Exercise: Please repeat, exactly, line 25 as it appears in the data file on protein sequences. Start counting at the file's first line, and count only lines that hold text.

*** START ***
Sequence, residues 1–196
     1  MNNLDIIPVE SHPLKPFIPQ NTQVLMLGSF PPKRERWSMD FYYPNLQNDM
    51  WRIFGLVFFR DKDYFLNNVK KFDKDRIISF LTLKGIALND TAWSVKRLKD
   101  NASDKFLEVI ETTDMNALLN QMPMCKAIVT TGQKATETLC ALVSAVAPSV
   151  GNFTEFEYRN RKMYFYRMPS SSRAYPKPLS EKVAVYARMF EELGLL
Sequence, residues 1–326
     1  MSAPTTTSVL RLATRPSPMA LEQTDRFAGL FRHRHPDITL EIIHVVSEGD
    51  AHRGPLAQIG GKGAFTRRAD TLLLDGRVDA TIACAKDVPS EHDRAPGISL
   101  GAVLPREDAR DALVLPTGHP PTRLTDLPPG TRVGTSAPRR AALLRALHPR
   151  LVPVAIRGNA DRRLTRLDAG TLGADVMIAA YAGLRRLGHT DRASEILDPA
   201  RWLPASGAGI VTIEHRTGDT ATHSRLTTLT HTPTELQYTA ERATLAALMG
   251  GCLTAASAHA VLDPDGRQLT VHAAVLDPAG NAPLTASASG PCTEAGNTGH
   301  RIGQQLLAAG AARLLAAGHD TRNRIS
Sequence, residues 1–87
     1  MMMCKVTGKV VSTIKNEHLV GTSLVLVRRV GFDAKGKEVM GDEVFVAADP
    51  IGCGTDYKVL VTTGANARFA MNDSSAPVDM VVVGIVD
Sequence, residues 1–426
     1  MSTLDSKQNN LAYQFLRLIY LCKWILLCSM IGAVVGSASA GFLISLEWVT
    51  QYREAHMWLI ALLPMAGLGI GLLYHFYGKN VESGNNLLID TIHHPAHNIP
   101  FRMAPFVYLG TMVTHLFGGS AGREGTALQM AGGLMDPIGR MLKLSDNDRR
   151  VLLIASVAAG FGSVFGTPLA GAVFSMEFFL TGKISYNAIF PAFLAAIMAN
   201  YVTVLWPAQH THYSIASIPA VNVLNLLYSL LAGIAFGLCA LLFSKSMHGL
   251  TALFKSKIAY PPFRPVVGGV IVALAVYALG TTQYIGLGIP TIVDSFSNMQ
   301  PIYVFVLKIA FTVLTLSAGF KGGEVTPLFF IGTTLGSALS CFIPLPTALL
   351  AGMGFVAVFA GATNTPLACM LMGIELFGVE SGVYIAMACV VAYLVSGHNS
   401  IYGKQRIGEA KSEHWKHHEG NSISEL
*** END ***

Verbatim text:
   351  AGMGFVAVFA GATNTPLACM LMGIELFGVE SGVYIAMACV VAYLVSGHNS